We were in second class air conditioned cars that have sleeping berths, four to a cabin and two across the aisle.  There are thin curtains between the cabin area and a common aisle.  There is basically no privacy and lights shine through the thin curtains.  There is a symphony of snoring, chatting in several languages, babies crying, and cell phones chiming throughout the night.  This is the essence of India, just like the food, a mix of exotic ingredients that all seem to work together to make an interesting concoction.

The floods last year in Raichur wreaked havoc on the Infrastructure, homes, and farmland that were inundated with water.  Many NGOs have pitched in to help relieve suffering from the devastation in this area.  Rotary clubs from many areas have teamed up to provide 100 Bio-sand water filters to schools in the area and 600 filters to new block homes that are being donated by Cisco Systems.

After the long train ride we were shuttled to the best hotel in town by two Rotarians who met us at the train station.  The hotel provides hot water from 7am to 10am so we took advantage and cleaned up with a well needed cup bath.  After breakfast at the hotel we were picked up by two local Rotarians.  They drove us to an orphanage where their Rotary club was conducting a dental clinic for the children.  A local hospital has an RV that is converted into a mobile dental office staffed by several young dentists and assistants.  We were shown the BioSand water filters in the courtyard of the orphanage donated by the Rotary club sponsoring the clinic.  They were filtering murky river water which was obviously contaminated.  The filtered water was crystal clear and the Rotarians drank it with relish.  They are extremely satisfied with the filter technology and are anxious to provide more in this area.  We were treated to a Bollywood song and dance routine by the children who formed several long lines in the auditorium.  After a couple of short speeches we transferred to another room for biscuits and bottled water and to observe the preliminary dental checkups for the children.

We left the orphanage for a two hour grueling SUV ride to the remote farming area where the block homes are being built by Cisco Systems.  We were in the middle of nowhere when our SUV punctured a tire.  The driver put the spare on while we waited under the shade of a tree across the road and we moved on without a spare on treadless tires.

When we arrived at the site we were shocked and disappointed after seeing filters in disarray outside of the block homes along with empty filter media bags.  Apparently some of the beneficiaries had moved into the homes without our knowledge and did not know what the filters are used for.  They took them outside to make more room for themselves.  Some of them were being used to store water for the toilet and others were just sitting or lying in the dirt near the house.  Some of the media bags had been emptied and the bags were being used as foot wipes in front of the door to the home.

These are very basic cement block structures with no more than 200 square feet, three small rooms including a kitchen.  There is a toilet in the back but they were locked so we couldn’t inspect them.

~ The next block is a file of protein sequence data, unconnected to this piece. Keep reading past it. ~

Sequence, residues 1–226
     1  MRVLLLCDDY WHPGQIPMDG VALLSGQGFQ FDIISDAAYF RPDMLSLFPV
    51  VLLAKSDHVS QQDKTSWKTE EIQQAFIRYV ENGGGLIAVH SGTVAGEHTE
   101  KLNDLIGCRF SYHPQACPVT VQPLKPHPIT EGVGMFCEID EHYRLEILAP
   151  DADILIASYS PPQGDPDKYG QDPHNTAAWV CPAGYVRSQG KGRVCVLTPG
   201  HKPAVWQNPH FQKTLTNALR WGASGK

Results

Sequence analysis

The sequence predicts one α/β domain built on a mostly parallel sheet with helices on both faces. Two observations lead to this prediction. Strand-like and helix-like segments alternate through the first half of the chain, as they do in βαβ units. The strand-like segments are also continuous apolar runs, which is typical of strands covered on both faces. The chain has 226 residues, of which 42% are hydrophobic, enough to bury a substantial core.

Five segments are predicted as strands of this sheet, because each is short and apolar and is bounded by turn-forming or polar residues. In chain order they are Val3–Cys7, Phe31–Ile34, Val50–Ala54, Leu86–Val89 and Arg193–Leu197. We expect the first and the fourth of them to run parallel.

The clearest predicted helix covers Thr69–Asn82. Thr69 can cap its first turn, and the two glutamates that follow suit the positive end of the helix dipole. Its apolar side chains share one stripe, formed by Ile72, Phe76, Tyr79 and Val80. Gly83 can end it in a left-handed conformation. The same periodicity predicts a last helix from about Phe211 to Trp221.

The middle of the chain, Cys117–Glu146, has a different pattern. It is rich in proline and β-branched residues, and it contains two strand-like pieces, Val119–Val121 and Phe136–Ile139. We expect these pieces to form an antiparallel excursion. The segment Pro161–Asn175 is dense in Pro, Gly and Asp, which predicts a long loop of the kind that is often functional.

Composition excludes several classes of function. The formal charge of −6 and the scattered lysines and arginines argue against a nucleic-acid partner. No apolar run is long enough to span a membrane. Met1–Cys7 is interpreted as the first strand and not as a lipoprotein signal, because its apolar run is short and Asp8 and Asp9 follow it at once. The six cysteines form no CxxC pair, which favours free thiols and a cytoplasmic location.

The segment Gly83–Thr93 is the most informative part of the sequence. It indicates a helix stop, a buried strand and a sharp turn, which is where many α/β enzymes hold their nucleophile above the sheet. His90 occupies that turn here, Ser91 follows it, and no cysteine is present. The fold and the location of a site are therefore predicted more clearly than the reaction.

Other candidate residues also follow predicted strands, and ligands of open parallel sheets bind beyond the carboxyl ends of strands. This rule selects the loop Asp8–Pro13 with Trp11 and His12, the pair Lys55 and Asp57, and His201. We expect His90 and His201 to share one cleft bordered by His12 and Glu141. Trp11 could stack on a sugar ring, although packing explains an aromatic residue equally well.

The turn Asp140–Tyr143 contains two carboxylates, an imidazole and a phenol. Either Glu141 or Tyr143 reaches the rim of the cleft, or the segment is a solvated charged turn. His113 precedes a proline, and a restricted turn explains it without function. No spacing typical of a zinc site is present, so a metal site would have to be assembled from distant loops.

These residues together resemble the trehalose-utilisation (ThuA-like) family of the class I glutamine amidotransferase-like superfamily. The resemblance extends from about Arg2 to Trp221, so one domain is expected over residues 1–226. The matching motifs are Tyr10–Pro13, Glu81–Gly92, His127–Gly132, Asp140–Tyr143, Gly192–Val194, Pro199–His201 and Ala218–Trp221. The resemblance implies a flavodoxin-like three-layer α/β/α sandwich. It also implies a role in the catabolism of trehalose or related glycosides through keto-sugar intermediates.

We had a discussion with the project engineer who explained that once the homes are constructed Cisco turns the keys over to the government.  The government has a lottery to decide who gets the homes.    Apparently there was no communication between the government officials and Cisco and we were surprised there were people actually living in the homes.  We began to formulate possible solutions to the problem but there was a sense of gloom that things had not gone according to plan.  We went to another area of Cisco financed block homes to make sure the same situation wasn’t happening there.  That location was ok and all of the filters and media were placed inside locked homes which were unoccupied.

After the long ride home we walked to a local restaurant for a quick meal and then collapsed in bed upon returning to the hotel…what a long day!

The next day two large men came to the hotel for a meeting.  These were two gregarious Rotarians from the Raichur Cotton City Rotary Club, the newest of three Clubs in town.  It was like the movie Pulp Fiction, where “the fixer” had to come in and clean up the mess caused by John Travolta and Samuel L. Jackson.  These men were going to help to fix the problem at the block housing site.  They know a man who helped install 100 filters in schools in Raichur, a different project also involving the same Bangalore-based Rotary Club involved in this Cisco house project.  They are planning on having him and two other men that will be trained in Kolar go to the homes that are occupied in the block housing units and install the filters properly along with instructions to the homeowners on their proper use and maintenance.  The installers will also survey the filters and filter media to see what needs to be replaced.  We thought this was a brilliant solution to have local people involved in the problem solving rather than having to do it from Kolar.

We had hours of discussions throughout the day, the last one had to do with the starting of a new workshop by three Rotarians just before we had to leave for the train station for the long ride back to Bangalore.  The potential for delivering clean water to Raichur is great but difficult to manage from Kolar.  We are grateful that local Rotarians are stepping up to meet this challenge.

More soon!

Cathy and Mike